• "Term Proximity" is one of the most fundamental notions in the operation of full text search engines. If two words are closeby, then it is more likely that a retrieval unit with those closeby terms is more relevant than one where the terms are further apart.
  • Terms in title- It is a factual matter that if terms appear in a title, there is a common sense association among search engines that the retrieval unit is more relevant.


Other sites will have the terms "Elvis", "Presley" or "Warren", "Harding" in their titles like us. Articles will rank higher than ours if the terms are adjacent. This is not an opinion, but a fact.

For more information on what factors help attract more vistors from search engines, this article covers many of the bases. ~ Phlox 17:07, 20 October 2007 (UTC)

Phlox proposal[]

  1. Keep statement that these are guidelines, not blanket rules.
  2. Recommend that users NOT insert middle name, initial (or anything else) between first and last name. Putting middle name elsewhere is ok, if desired.
    Lower priority recommendation:
  3. Omit death date unless birth and death date are certainly known. Otherwise, only use birth date.
~ Phlox 17:27, 20 October 2007 (UTC)

Extensions and consequences[]

I presume we would lift Google rank even further by omitting birth date too (thus in most cases matching the WP name if any). That would multiply by a few hundred the likely number of disambiguation pages necessary; not a problem, a difference of degree not of kind, because the omission of the death date already multiplies the likely number by several dozen. How about it? Robin Patterson 13:03, 1 December 2007 (UTC)

If the disambiguation pages contain merely links to the pages for individuals, will that affect Google ranking? If so, I expect we could make a practice of adding detail such as birthplace to each link. Job for PhloxBot? Robin Patterson 13:03, 1 December 2007 (UTC)

I agree with omitting the dates, like the Wikipedia name. However, some people are known for their middle name (like John F. Kennedy or Warren G. Harding) and alot of my Dutch and German ancestors are known to researchers by their full name. Like Gerrit Hendrik te Kolste (1794-?). Calling him Garrit te Kolste would be confusing. Anyway, omitting the dates to get something like William I, King of England instead of William I, King of England (1027-1087) or William I, King of England (1027). Of course, doing this, we would eventually develop many disambiguation pages. We are at a point in the Wikia where there are only a handful of contributors. As the number of contributors grows, so will the number of people who understand the use of disambiguation. So, people will be able to find us quicker and those who stay will gain knowledge in the use of disambiguation, and use them if neccessary. -AMK152(TalkContributions 13:16, 1 December 2007 (UTC)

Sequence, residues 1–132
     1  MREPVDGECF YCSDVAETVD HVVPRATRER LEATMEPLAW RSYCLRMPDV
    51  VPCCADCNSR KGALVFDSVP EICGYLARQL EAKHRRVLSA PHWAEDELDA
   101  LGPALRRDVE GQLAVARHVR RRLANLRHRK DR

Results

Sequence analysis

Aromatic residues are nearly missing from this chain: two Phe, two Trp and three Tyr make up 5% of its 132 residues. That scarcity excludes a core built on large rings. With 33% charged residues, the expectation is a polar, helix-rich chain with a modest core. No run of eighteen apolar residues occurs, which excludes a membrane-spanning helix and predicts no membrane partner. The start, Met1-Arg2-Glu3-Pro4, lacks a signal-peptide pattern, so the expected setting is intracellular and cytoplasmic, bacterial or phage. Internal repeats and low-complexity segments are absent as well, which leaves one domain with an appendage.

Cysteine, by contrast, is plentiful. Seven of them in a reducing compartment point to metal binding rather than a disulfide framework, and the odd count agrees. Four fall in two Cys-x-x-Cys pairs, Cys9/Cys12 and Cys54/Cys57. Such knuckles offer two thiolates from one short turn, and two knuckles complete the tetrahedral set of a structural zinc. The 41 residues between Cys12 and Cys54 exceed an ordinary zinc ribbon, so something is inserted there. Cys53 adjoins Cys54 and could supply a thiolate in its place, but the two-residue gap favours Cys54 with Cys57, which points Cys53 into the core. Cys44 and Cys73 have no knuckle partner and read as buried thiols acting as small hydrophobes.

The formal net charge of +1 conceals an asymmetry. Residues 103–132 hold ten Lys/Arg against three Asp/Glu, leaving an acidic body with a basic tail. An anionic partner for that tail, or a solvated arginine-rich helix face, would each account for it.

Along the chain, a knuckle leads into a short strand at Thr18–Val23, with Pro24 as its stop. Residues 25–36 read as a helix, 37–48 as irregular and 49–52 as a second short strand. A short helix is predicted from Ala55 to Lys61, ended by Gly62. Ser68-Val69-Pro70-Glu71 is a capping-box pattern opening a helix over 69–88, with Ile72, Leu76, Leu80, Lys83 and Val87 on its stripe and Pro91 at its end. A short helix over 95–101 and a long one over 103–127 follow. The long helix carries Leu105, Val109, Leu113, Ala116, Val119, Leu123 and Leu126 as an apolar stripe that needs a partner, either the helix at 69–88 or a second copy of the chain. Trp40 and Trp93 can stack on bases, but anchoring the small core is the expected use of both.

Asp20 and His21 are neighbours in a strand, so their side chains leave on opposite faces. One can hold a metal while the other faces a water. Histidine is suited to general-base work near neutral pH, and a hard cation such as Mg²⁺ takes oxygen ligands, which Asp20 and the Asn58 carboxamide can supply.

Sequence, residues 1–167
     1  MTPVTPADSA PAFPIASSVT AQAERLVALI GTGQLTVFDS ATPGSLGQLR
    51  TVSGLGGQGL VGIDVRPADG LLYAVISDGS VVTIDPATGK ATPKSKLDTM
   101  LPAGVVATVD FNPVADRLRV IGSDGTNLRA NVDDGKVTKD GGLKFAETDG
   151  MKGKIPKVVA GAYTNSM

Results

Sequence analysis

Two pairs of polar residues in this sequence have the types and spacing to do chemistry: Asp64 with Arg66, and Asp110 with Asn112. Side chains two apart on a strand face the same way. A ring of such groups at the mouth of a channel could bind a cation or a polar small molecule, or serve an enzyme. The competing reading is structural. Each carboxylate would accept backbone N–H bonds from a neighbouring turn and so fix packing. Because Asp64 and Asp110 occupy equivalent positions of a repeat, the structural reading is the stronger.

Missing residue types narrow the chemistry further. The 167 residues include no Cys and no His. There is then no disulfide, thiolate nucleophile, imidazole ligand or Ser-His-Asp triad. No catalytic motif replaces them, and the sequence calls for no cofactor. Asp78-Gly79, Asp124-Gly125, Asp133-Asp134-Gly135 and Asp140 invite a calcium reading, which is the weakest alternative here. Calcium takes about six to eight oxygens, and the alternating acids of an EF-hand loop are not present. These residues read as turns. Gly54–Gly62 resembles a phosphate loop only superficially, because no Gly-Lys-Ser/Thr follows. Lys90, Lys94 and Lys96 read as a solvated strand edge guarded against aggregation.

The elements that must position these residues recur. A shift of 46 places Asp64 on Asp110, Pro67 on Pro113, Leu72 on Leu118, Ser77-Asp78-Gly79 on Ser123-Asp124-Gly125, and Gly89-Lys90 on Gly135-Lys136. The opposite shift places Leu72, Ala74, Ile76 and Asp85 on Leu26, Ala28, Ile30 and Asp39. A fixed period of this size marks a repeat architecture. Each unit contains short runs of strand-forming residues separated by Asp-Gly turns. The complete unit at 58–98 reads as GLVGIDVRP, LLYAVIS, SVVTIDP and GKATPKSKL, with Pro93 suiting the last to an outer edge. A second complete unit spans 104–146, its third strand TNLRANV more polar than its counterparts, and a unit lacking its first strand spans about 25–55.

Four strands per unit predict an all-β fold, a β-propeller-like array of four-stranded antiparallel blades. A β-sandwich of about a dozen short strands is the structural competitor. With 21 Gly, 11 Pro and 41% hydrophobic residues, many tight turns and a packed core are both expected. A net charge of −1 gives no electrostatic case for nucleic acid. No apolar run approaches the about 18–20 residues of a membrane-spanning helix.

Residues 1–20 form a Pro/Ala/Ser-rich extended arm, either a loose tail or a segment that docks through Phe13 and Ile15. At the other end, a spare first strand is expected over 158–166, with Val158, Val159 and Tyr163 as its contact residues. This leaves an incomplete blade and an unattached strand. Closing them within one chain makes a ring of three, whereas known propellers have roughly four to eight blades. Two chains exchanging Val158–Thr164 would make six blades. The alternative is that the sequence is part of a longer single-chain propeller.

Perhaps this example: John Isaac Smith III (1902-1985)
1. Name the page John Smith
2. There is more than one John Smith
3. Name the page John Isaac Smith
4. There is more than one John Isaac Smith
5. Name the page John Isaac Smith III
6. There is more than one John Isaac Smith III
7. Name the page John Isaac Smith III (1902)
8. There is more than one John Isaac Smith III born in 1902
9. Name the page John Isaac Smith III (1902-1985)
10. There is more than one John Isaac Smith III born in 1902 and died in 1985
11. I doubt we'd get this far, but what would be next?
AMK152(TalkContributions 15:34, 1 December 2007 (UTC)
Thank you for taking time to set out a possible process. But I think we can make it shorter than that.
  1. Create disambiguation page designed as the target of simple googling: John Smith. It has template:disambig and it lists all the John Smiths in the wiki by whatever complex page names they currently have, eg John Isaac Smith III (1902-1985).
  2. Every John Smith (including every John Isaac Smith etc) in the wiki can be given a full page name (in the style recommended) as soon as he is created, with a link to him on John Smith. No need for quite as many pagename changes as listed above: ideally none.
So a person finds our John Smith page very near the top of the hit list on Google, possibly with a context extract showing that there are several people on our page, so they come to us and can read the list then go off to find one that seems to match their one. Not unlike a RootsWeb search, but our one-liners will need less scrolling than the multi-line tables each hit can get on RootsWeb.
Robin Patterson 02:27, 2 December 2007 (UTC)

I think I mentioned disambiguation pages were one reason I was producing for each page an info subpage. When I get all pages with info pages we can do the DPL disambiguation pages: EG:

Note that I made the second table on these pages sortable. EG: Click on the little arrow button in the Birth Place column, and all the John Smiths would be clustered into the location the person is interested in. Clearly for this reason, I would want to display these locations in reverse Country-State-County-city order so they would cluster in the most useful way for users. ~ Phlox 04:24, 2 December 2007 (UTC)